3. Will a second attempt to execute Broom violate Double Jeopardy protections under the Fifth and Fourteenth Amendments to the United States Constitution?

Cruel and Unusual Punishment

Broom first argues that the state’s first attempt to execute him was cruel and unusual punishment. What he suffered was cruel and unusual by any modern day understanding of the Eighth Amendment. Resweber is no longer in line with the Court’s decisions on the Eighth Amendment or with modern standards of human decency. The execution attempt was not carried out in the careful and humane way that is required by Ohio law, which requires a quick and painless death. Being stabbed and jabbed with needles for over two hours without any relief should be recognized for what it is, torture. In addition to the physical pain, Broom had to endure severe psychological trauma through this process.

The circumstances that arose on the day of Broom’s execution were not unforeseeable accidents that came about despite careful and humane procedures. Ohio has a history of problems with lethal injection executions and particularly with IV access. Similar problems with venous access had arisen with virtually the same medical team and were therefore, completely foreseeable.

The Supreme Court of Ohio majority opinion noted that “[s]trict compliance with the protocol will ensure that executions are carried out in a constitutional manner,” but conceded that Ohio’s execution protocol was not followed in this case. As a result, the attempted execution was cruel and unusual. In such a case, where such damage cannot be undone, the appropriate remedy must be to bar any attempt to execute Broom again.

Second Attempt

Broom next contends that even if the Court does not find that the first execution attempt constituted cruel and unusual punishment, any second attempt to execute Broom clearly would be. Broom cannot simply forget that the first botched execution occurred. The first attempt caused him to suffer severe physical and psychological trauma that will naturally become part and parcel of any subsequent execution attempt. Exposure to a threatened death is a recognized psychiatric trauma. Putting Broom in the same situation—in which he suffered both physical pain and psychological terror—is cruel and unusual.

Broom does not challenge the manner in which Ohio conducts its executions. But what happened the first time cannot just be ignored. Rather, it is the unique circumstances of Broom’s case, that is, the prior attempts to kill him, that make the second attempt clearly cruel and unusual. Forcing Broom to face the risk that what happened before could happen again flies in the face of evolving standards of human decency.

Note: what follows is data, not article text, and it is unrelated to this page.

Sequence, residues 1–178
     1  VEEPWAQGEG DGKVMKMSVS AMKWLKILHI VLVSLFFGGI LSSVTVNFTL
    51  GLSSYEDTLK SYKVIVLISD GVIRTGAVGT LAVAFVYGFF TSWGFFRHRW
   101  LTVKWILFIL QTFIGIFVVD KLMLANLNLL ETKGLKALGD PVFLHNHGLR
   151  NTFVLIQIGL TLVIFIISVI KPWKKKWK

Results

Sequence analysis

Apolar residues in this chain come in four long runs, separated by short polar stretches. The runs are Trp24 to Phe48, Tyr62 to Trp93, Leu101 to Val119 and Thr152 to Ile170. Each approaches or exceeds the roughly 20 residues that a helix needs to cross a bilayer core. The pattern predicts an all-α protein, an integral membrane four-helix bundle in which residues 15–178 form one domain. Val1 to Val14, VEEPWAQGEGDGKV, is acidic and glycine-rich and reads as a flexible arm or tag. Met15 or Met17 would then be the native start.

Double Jeopardy

Finally, Broom argues that even if a second attempted execution is not found to be cruel and unusual punishment, it most certainly is a double jeopardy violation, which in this context protects against multiple violations for the same offense (obviously rarely applied to death sentences.) While the Supreme Court of Ohio rightfully acknowledged that double jeopardy protection applied to a second execution attempt, it erred by relying on Ohio’s lethal injection statute to determine how far the procedure must progress before jeopardy can attach. For the purposes of protecting an individual from being punished multiple times for the same offense, federal principles should govern.  Under such principles, jeopardy would attach when Broom had the legitimate expectation that his death would be imminently inflicted during the attempted execution. Due to the particularly traumatic circumstances that Broom suffered during his first attempted execution, it is evident that Broom surpassed the point of legitimate expectation of death. As a result, any further attempt to execute Broom would constitute double jeopardy.

Observations From Professor Emerita Bettman

This petition is a very powerful document.  Read the entire thing here.  The state’s response is due September 16, 2016.

While I thought this case might be headed for the U.S. Supreme Court, I’m torn about its chances of getting in. On the one hand, this is (fortunately) such a unique and unusual circumstance, it might not be deemed worthy of review for just that reason.  But on the other hand, because it is so unique and unusual, (as Broom points out, most challenges to execution protocols are prospective-this one is unique in being brought by someone who survived a botched protocol) may be just the case the U.S. Supreme Court is looking for to re-examine the death penalty. In Glossip, Justice Breyer has signaled his view that it is time for the Court to do just that. But does he have the votes?